More importantly, Estonia's moral duty is also embedded at the European level. In December 2020, the European Parliament passed a resolution on forced labor and the situation of Uyghurs. With over 600 out of 705 Members of European Parliament's support, the EP called on the Chinese government to end the "mass incarceration" of ethnic minorities in camps and detention centers and demand the immediate and unconditional release of those detained. Instead of addressing the issue itself, the CCP responded with anti-sanctions after being sanctioned by the EU based on China's human rights violations.
Estonia's choice: Upholding values or realpolitik
Unlike Lithuania's values-based foreign policy, Estonia has taken a more cautious approach, ostensibly balancing its commitment to human rights and its economic interests. This tradition was set already in October 1991 when the newly independent Estonia's political leadership refused to meet the Dalai Lama on his first historic trip to Estonia.
But in fact, such a cautious approach does not bring any practical economic benefits to Estonia, as China accounted for just 1.7 percent of Estonia's exports in 2020.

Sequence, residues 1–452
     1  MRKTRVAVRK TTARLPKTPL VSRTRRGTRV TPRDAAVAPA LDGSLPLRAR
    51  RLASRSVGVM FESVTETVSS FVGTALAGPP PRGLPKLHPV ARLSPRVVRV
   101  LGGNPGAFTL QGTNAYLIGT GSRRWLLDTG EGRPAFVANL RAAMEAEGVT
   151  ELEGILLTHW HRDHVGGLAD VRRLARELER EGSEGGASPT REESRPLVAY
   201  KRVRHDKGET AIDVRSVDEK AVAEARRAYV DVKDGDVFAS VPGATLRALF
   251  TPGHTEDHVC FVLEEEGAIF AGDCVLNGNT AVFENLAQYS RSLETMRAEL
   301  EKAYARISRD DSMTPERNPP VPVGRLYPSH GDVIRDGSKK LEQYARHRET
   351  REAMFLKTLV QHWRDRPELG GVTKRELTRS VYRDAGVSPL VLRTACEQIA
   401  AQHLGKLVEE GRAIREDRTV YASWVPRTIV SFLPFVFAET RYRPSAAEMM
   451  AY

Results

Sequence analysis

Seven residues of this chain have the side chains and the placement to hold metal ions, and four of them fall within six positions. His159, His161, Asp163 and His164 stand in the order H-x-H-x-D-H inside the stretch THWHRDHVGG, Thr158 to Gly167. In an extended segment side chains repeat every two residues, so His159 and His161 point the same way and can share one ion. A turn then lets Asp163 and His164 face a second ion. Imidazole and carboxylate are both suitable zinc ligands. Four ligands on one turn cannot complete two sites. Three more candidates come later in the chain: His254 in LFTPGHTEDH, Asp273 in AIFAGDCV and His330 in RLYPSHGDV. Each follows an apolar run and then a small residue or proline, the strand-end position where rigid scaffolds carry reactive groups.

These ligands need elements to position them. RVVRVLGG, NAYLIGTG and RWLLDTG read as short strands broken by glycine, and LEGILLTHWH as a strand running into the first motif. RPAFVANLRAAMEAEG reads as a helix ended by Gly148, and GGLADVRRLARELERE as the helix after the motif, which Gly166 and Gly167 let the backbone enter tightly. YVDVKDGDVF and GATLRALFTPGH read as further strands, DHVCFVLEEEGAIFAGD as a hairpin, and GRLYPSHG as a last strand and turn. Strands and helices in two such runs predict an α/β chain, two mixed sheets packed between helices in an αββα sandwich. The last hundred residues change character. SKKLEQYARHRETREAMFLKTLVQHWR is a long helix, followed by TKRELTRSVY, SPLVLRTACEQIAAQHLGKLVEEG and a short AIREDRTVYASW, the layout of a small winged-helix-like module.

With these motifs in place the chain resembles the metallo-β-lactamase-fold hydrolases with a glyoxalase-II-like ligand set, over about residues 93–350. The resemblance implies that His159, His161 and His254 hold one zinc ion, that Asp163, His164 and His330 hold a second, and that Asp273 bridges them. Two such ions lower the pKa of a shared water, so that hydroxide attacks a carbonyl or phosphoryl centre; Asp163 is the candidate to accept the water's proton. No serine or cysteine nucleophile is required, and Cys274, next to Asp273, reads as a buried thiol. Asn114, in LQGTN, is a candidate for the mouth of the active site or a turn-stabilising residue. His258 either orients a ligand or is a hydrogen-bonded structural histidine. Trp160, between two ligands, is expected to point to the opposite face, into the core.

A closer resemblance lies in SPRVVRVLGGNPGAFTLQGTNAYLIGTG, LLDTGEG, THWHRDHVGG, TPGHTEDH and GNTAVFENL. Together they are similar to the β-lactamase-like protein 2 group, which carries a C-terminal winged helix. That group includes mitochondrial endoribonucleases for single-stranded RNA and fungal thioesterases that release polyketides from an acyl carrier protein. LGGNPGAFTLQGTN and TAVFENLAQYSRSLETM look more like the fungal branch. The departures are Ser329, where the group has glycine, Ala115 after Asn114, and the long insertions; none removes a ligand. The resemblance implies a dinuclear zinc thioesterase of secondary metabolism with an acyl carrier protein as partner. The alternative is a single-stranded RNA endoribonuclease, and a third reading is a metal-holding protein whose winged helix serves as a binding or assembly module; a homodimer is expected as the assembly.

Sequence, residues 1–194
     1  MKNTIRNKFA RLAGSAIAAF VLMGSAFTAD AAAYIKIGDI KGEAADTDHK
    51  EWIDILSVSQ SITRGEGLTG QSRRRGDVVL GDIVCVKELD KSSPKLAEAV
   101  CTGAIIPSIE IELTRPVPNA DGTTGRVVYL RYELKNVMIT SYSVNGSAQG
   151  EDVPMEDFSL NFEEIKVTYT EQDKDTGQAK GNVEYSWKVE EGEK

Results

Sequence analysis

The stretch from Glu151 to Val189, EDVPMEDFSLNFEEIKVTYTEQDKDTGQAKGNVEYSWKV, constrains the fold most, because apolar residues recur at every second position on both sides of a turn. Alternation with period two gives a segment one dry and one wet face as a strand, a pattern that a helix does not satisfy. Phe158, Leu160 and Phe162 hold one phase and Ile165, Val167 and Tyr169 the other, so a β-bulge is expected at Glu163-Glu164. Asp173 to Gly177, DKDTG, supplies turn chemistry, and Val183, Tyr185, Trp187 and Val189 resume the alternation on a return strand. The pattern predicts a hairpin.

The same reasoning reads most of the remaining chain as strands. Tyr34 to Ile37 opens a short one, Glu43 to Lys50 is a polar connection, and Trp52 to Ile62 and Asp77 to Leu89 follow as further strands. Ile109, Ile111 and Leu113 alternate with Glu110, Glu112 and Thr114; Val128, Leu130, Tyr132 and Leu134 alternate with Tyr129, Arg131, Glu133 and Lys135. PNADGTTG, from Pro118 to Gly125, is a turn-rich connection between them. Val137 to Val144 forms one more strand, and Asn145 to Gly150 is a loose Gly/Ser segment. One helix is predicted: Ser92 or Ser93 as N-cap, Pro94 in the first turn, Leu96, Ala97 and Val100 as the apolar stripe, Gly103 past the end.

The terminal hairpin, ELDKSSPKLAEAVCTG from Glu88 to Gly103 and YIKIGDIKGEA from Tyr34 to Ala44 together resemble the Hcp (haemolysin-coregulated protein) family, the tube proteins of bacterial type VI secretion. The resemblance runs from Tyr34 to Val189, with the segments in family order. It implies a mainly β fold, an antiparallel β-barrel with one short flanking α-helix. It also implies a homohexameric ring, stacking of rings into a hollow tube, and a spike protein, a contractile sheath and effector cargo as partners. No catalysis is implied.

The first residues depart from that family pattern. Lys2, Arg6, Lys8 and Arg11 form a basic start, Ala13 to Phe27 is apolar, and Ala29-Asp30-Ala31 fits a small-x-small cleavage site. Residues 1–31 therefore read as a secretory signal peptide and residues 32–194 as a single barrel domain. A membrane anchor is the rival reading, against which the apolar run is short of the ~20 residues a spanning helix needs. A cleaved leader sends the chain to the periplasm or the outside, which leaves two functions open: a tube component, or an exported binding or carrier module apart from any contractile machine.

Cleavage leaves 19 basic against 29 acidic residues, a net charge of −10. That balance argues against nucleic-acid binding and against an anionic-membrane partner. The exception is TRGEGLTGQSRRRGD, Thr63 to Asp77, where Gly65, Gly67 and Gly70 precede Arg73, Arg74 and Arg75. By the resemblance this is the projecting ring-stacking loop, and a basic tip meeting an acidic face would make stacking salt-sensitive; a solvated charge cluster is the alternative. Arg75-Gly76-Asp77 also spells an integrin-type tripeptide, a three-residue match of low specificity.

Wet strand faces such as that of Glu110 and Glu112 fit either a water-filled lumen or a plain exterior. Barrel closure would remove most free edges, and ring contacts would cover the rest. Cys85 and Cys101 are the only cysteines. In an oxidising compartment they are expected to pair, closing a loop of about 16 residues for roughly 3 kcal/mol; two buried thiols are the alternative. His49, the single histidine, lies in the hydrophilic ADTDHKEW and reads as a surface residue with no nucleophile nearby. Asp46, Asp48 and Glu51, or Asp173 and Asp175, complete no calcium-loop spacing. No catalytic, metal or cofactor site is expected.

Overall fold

Calling out the crimes against humanity is the duty of every free country. Estonia, as a young democracy having lived through crimes against humanity during Soviet occupation, must be one of the leading voices to hold the CCP accountable for committing genocide in Xinjiang.
Given the evidence and international reactions listed above, we invite MP Marko Mihkelson, the chairman of Riigikogu's Foreign Affairs Committee, to call for an internal review on Riigikogu's position on Xinjiang and propose a resolution to recognize the Xinjiang genocide. We hope that Estonia will eventually decide to stand with those countries that have recognized China's treatment of Uyghurs as a genocide and raise this issue to all international platforms and formats, including the Baltic Assembly, NB8 format, the European Council and United Nation's Human Rights Council, so that we can do justice to the Uyghurs and other suppressed people ruled by the CCP.
Iverson Ng is a Tallinn-based columnist from Hong Kong who writes for daily Postimees.
Oliver Loode is an expert on indigenous peoples' rights and former member of the UN Permanent Forum of Indigenous Issues (UNPFII) (2014-2016)
Editor: Andrew Whyte